The best WWII flight sim just got better, thanks to the Ace Expansion Pack for IL-2 Sturmovik: Forgotten Battles. This add-on doesn't really have a theme, but when there's this much new stuff to play with, it really doesn't need one. There are 20 new flyable planes (with variants of certain models pushing the total number of new aircraft to 28), along with new Ardennes, Normandy, and Pacific maps, and enough new campaigns and missions to placate fans until 1C:Maddox's upcoming Battle of Britain sim is released.
A stricken B-17 futilely returns fire at a passing Ho-229 Flying Wing.
A number of new prop planes have been included, some of which have already appeared in previous free patches. However, these have been updated enough to justify a commercial release. American P-51B, P-51C, and P-51D Mustangs, along with P-38L and P-38J Lightnings, can now escort nonflyable B-17Gs and C-47s. Additionally, the P-63C Kingcobra--the majority of which were sent to Russia under the Lend-Lease Program--makes its first appearance. British pilots get four versions of the highly maneuverable Spitfire Mk.Vb to help fend off a number of new German planes, including the heavily armed twin-hulled Bf-109Z, the Ju-87D-5, the long-awaited twin-engine Bf-110G-2, and the tricky Ta-152H-1. Meanwhile, the Japanese get the maneuverable but fragile A6M2 and A6M5 Zeros, along with three variants of the nigh-unstoppable Ki-84 Hayate ("Frank"). There are a few other flyable prop planes as well, including the J8A, the Fiat CR.42 and G.50, and the IAR-80A and IAR-81C.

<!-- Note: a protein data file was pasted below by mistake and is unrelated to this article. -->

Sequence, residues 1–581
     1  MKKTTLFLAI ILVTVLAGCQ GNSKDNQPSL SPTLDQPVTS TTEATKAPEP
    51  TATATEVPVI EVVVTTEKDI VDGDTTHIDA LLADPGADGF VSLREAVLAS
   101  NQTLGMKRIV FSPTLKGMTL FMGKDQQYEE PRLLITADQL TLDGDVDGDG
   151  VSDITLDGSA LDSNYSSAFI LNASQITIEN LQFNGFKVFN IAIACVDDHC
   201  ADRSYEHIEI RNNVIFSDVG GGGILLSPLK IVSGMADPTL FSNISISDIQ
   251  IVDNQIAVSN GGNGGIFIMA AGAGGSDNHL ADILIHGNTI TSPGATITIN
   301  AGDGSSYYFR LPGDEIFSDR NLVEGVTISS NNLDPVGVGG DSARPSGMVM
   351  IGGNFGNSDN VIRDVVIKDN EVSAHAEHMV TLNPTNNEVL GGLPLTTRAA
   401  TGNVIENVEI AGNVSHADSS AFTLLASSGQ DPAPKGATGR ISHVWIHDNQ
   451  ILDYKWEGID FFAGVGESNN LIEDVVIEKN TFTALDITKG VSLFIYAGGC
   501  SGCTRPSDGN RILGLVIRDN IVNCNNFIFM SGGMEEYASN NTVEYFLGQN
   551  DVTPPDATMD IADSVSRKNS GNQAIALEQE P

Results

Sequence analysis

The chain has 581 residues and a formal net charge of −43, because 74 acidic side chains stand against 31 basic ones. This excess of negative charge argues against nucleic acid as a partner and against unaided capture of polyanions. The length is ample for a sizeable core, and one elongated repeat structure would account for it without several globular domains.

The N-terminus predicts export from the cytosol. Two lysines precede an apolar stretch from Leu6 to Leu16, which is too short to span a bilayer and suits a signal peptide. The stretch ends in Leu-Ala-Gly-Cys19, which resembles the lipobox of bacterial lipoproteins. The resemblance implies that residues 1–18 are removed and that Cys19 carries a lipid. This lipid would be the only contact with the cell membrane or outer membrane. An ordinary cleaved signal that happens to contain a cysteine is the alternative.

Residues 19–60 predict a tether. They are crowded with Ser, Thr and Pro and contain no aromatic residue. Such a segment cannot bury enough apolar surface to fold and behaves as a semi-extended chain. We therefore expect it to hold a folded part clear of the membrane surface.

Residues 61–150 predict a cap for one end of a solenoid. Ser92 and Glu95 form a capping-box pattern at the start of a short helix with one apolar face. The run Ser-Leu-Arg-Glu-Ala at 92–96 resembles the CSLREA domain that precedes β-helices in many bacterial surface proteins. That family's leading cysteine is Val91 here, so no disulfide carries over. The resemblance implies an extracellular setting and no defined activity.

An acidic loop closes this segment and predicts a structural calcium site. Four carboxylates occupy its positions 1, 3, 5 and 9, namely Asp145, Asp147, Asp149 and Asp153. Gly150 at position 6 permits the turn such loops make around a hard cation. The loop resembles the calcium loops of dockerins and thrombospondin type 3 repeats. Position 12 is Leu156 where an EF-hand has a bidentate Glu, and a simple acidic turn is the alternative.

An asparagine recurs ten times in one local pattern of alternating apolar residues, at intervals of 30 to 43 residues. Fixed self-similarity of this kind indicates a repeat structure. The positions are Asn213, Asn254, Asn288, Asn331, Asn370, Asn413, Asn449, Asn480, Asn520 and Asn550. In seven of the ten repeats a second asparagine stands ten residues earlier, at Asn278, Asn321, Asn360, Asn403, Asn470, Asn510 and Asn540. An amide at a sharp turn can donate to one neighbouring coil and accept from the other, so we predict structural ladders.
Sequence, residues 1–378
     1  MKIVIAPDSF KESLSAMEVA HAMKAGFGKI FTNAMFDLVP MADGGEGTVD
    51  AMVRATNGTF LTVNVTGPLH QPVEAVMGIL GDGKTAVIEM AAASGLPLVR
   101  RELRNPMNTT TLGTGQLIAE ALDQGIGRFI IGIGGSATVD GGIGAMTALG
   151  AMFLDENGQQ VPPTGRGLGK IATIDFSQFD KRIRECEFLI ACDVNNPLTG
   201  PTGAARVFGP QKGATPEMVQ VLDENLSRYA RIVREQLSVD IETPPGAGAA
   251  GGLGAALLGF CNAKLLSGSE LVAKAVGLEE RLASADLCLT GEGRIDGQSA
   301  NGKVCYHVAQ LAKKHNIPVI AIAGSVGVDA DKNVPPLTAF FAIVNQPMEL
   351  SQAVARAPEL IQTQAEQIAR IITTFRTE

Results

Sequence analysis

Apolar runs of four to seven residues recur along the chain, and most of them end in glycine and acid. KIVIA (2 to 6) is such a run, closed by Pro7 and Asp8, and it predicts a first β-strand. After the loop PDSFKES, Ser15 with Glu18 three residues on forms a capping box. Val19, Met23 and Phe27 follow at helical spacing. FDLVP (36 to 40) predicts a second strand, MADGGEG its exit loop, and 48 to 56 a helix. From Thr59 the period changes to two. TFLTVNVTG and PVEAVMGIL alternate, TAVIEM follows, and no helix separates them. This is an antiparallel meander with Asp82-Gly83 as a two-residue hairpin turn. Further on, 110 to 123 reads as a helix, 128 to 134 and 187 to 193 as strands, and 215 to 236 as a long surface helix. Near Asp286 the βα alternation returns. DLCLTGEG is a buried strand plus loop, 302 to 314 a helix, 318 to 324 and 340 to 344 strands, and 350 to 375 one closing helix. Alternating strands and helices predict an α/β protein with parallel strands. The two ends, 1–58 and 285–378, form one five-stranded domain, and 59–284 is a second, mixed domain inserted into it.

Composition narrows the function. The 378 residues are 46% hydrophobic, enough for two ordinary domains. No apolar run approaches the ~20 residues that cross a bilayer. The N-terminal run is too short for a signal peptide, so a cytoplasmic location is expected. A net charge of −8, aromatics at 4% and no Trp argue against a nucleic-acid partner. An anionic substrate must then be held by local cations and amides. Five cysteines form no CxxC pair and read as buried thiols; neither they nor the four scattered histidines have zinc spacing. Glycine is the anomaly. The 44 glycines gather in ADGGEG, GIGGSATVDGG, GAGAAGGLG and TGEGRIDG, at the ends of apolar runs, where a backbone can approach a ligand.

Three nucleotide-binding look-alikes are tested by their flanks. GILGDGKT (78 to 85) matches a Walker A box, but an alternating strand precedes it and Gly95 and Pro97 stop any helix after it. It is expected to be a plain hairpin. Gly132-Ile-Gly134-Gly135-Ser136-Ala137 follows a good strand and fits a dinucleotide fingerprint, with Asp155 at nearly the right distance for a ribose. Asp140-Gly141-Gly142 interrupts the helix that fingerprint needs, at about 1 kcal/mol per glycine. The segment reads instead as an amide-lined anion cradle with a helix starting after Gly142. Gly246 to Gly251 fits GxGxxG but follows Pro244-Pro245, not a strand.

A few new flyable jets and rocket-propelled fighters have also been added to the virtual hangar. Most are equipped with devastating armaments, and all are incredibly fragile under fire, so fights between these speedy aircraft tend to be swift and brutal. The American YP-80, the precursor to the Korean Conflict's P-80/F-80 Shooting Star, is a nimble match for German jet-powered Me-262s, new He-162A-2s, and new Ho-229 A1 Flying Wings. The Me-163B rocket fighter is incredibly challenging and rewarding to fly because it must be nursed gently at speeds in excess of 1,000kph to avoid blacking out, and ammunition for its powerful cannons is limited.
A few oddities were thrown in that serve as interesting diversions. The flyable Mistel is literally a blast, since it consists of a hollowed out Ju-88 bomber--which has been packed with tons of explosives--that has a FW-190 fighter harnessed to its top. The pilot sits in the fighter, where the control stick moves the control surfaces of both the fighter and the Ju-88 to help guide the behemoth to its target. The pilot just aims, detaches the bomber, scrambles out of the way of the mushroom cloud that appears a few seconds later, and enjoys watching the replay over and over and over again.
V1 rockets are another challenging addition, since it is possible for fast fighters to pull up alongside them to tap them with their wings, thus nudging the jet-powered bombs off course. This same method was used by actual WWII pilots because shooting at a V1 generally caused an explosion that was large enough to heavily damage or destroy the pursuing fighter.
You don't want to be anywhere near the pointy end of this recently-detached Mistel megabomb.
The cockpits and skins included with the new planes are spectacular. The J8A cockpit, in particular, is a thing of beauty. Additionally, some new optional effects give the water a more realistic look--at the expense of reduced frame rates. Outside of this, little has changed in the graphics and sound departments, but since IL-2 Sturmovik: Forgotten Battles looked and sounded great to begin with, no upgrades were really necessary.